Saturday, May 01, 2010

Nuclear Reactor Cutaways

Nuclear Reactor Wall Charts: an earlier post from the same collection


The World's Reactors, No. 76, Gosgen, Daniken, Switzerland. Wall chart insert, Nuclear Engineering, February 1980
Gosgen, Daniken, Switzerland. Wall chart insert,
Nuclear Engineering, February 1980 [No. 76]



The World's Reactors, No. 32, Windscale AGR, Windscale, Cumberland, UK. Wall chart insert, Nuclear Engineering, April 1961
Windscale AGR, Windscale, Cumberland, UK. Wall chart insert,
Nuclear Engineering, April 1961 [No. 32]



The World's Reactors, No. 39, Wylfa Magnox, Wylfa, Anglesey, UK. Wall chart insert, Nuclear Engineering, 1965
Wylfa Magnox, Wylfa, Anglesey, UK. Wall chart insert,
Nuclear Engineering, 1965 [No. 39]



The World's Reactors, No. 97, System 80+ (e.g. Yongwang 3 & 4), USA. Wall chart insert, Nuclear Engineering, 1992
System 80+ (e.g. Yongwang 3 & 4), USA. Wall chart insert,
Nuclear Engineering, 1992 [No. 97]



The World's Reactors, No. 26, Dragon, HTR, Winfrith, Dorset, UK. Wall chart insert, Nuclear Engineering, July 1960
Dragon, HTR, Winfrith, Dorset, UK. Wall chart insert,
Nuclear Engineering, July 1960 [No. 26]



The World's Reactors, No. 41, Dungeness B, Kent, England, UK. Wall chart insert, Nuclear Engineering, 1967
Dungeness B, Kent, England, UK. Wall chart insert,
Nuclear Engineering, 1967 [No. 41]



The World's Reactors, No. 100, Ulchin 3 & 4, South Korea. Wall chart insert, Nuclear Engineering, April 1998
Ulchin 3 & 4, South Korea. Wall chart insert,
Nuclear Engineering, April 1998 [No. 100]



The World's Reactors, No. 99, Kernkraftwerk Krummel. Wall chart insert, Nuclear Engineering, 1993
Kernkraftwerk Krummel. Wall chart insert,
Nuclear Engineering, 1993 [No. 99]



The World's Reactors, No. 85, DWR-PWR 1300 MWe, Germany. Wall chart insert, Nuclear Engineering, March 1984
DWR-PWR 1300 MWe, Germany. Wall chart insert,
Nuclear Engineering, March 1984 [No. 85]



The World's Reactors, No. 79, CANDU 950. Wall chart insert, Nuclear Engineering, June 1981
CANDU 950. Wall chart insert,
Nuclear Engineering, June 1981 [No. 79]



The World's Reactors, No. 72, Point Lepreau, New Brunswick, Canada. Wall chart insert, Nuclear Engineering, June 1977
Point Lepreau, New Brunswick, Canada. Wall chart insert,
Nuclear Engineering, June 1977 [No. 72]



The World's Reactors, No. 49, Palisades, South Haven, Michigan, USA. Wall chart insert, Nuclear Engineering, January 1970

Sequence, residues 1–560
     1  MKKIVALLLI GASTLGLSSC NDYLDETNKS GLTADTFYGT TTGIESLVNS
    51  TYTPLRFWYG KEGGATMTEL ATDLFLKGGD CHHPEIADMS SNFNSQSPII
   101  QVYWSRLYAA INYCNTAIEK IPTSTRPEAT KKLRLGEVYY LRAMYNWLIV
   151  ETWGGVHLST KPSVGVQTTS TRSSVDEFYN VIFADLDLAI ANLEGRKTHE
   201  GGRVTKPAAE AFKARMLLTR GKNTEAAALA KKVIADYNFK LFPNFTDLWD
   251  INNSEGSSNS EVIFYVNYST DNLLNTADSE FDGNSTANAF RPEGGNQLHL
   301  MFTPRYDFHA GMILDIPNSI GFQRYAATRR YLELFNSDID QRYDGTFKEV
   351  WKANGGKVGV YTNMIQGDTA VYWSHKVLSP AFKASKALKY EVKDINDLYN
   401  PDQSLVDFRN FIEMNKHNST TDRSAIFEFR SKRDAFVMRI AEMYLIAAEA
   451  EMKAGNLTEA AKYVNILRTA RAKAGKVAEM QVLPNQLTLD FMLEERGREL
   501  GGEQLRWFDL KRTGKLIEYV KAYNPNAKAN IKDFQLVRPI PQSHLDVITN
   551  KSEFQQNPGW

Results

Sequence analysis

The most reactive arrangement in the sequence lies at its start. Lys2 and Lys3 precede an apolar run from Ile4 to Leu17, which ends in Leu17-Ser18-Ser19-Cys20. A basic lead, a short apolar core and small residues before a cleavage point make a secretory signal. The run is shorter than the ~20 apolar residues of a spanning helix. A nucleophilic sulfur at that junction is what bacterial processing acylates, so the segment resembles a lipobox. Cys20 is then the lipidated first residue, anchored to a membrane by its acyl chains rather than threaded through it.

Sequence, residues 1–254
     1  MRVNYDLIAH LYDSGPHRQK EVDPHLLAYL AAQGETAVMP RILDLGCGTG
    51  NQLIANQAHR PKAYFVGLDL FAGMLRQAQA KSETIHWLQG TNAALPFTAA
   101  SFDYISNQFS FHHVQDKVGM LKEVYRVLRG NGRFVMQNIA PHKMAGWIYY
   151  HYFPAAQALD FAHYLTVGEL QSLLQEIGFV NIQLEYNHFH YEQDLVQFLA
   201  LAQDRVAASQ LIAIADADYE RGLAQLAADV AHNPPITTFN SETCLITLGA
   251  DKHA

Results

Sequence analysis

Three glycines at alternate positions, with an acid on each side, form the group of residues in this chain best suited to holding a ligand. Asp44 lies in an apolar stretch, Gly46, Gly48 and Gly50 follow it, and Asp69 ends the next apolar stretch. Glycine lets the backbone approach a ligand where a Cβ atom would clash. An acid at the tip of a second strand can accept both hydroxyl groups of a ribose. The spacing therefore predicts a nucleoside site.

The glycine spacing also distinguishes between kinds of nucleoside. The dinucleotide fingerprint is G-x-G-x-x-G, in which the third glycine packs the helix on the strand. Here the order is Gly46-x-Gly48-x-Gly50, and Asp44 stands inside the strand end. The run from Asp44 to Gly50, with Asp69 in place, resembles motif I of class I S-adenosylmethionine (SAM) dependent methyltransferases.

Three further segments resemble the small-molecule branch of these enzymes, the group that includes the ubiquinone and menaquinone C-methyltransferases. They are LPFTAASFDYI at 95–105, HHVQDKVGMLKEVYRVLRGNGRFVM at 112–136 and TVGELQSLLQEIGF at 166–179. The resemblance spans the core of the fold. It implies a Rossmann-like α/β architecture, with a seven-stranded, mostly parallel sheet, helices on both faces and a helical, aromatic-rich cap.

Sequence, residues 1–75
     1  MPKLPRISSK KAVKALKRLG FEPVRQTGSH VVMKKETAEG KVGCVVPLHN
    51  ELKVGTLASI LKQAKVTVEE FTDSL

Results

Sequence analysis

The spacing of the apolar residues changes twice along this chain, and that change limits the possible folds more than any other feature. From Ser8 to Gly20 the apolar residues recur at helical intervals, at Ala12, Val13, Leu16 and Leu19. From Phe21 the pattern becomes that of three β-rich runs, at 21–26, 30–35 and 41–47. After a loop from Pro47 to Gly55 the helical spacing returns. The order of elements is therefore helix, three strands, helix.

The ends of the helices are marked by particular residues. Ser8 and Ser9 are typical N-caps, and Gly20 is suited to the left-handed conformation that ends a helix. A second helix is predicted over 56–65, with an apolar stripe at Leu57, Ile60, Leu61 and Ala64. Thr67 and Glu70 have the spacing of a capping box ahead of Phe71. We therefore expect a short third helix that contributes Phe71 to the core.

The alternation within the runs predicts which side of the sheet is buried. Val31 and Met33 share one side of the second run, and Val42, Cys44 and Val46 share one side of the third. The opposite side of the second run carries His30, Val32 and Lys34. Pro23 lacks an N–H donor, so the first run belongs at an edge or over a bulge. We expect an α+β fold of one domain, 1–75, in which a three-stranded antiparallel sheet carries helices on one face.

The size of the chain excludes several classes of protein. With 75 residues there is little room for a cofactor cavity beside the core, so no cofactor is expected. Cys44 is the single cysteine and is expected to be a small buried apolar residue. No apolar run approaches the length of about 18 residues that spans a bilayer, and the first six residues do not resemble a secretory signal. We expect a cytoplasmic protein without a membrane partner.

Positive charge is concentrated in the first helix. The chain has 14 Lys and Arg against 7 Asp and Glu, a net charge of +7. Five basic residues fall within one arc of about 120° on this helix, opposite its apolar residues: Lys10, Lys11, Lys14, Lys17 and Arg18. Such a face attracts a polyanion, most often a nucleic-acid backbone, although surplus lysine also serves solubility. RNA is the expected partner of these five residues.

Palisades, South Haven, Michigan, USA. Wall chart insert,
Nuclear Engineering, January 1970 [No. 49]



The World's Reactors, No. 42, Winfrith SGHWR, Dorset, England. Wall chart insert, Nuclear Engineering, May 1968
Winfrith SGHWR, Dorset, England. Wall chart insert,
Nuclear Engineering, May 1968 [No. 42]



The World's Reactors, No. 22, Latina, Italy. Wall chart insert, Nuclear Engineering, October 1959
Latina, Italy. Wall chart insert,
Nuclear Engineering, October 1959 [No. 22]



The World's Reactors, No. 27, BR3 PWR, Mol, Belgium. Wall chart insert, Nuclear Engineering, August 1960
BR3 PWR, Mol, Belgium. Wall chart insert,
Nuclear Engineering, August 1960 [No. 27]


[click through on any chart for large -- and extra large -- images]

{the images appear here with permission}


The complete set of 105 reactor wall charts has now been uploaded by the University of New Mexico. The dates above relate to the issue of Nuclear Engineering International magazine in which they first appeared. The collection was assembled by Ronald Knief, a nuclear engineer from Sandia National Laboratories.

The UNM CSEL Nuclear Engineering Wall Chart collection can be viewed as thumbnail jpegs but the full sized images are only available as pdf files {I found it easiest to download them rather than paralyse the browser on ffox} The size and resolution of the images vary somewhat, but they're all at least 2000px on the long side. Wired posted a little more information about the collection late last year.

The images remain under copyright to NEI magazine : high-resolution scans, and poster prints, are available for sale. For more information or a quotation contact: wdal AT neimagazine DOT com.

Previously: Nuclear Reactor Wall Charts

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5 comments :

Curious Art said...

I've always had a mild cutaway fetish... the Wylfa one is particularly pleasing with its organic cuts & beautiful shading, looks a bit like an ant farm! But I must admit the subject matter gives me a case of the willies... or should I say Wylfies?

Simen Christiansen said...

The semi-spherical or convex building shape that so many nuclear reactors have, always had me thinking that they contained some sort of pressurised.. something. But apparently they don't, as you can walk inside them. Why this shape? Is it to withstand an explosion? Or is it just style :)

fissionenvironmentalists said...

Simen Christiansen,

The speherical or dome shaped part that you are looking at is called the containment dome. Virtually every western reactor has one of these. Its designed to withstand a steam explosion, or prevent the escape of radioactivity under accident conditions. The containment dome should not be confused with the pressure vessel, which sits inside the containment dome in Pressurised-Water-Reactors.

Hope that answers your questions.

stuhawkes said...

I always thought the containment dome was to withstand an impact from the outside, i.e. airplane strike. The dome shape is much stronger under external pressure than internal. The pressure vessel is designed to withstand the pressure inside the reactor.

Patrick Potts said...

The dome shape alleviates steam pressure by allowing for easier condensation, thus extending the amount of time from steam build-up to the eventual explosion. Think of it as a heatsink on an engine, processor, etc. except for steam.

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